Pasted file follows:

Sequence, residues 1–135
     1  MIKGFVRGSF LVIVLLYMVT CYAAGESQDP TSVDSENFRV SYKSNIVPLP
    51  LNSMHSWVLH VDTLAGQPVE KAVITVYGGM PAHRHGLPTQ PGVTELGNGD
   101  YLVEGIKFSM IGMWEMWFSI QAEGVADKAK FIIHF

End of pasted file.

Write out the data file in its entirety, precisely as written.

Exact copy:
Sequence, residues 1–135
     1  MIKGFVRGSF LVIVLLYMVT CYAAGESQDP TSVDSENFRV SYKSNIVPLP
    51  LNSMHSWVLH VDTLAGQPVE KAVITVYGGM PAHRHGLPTQ PGVTELGNGD
   101  YLVEGIKFSM IGMWEMWFSI QAEGVADKAK FIIHF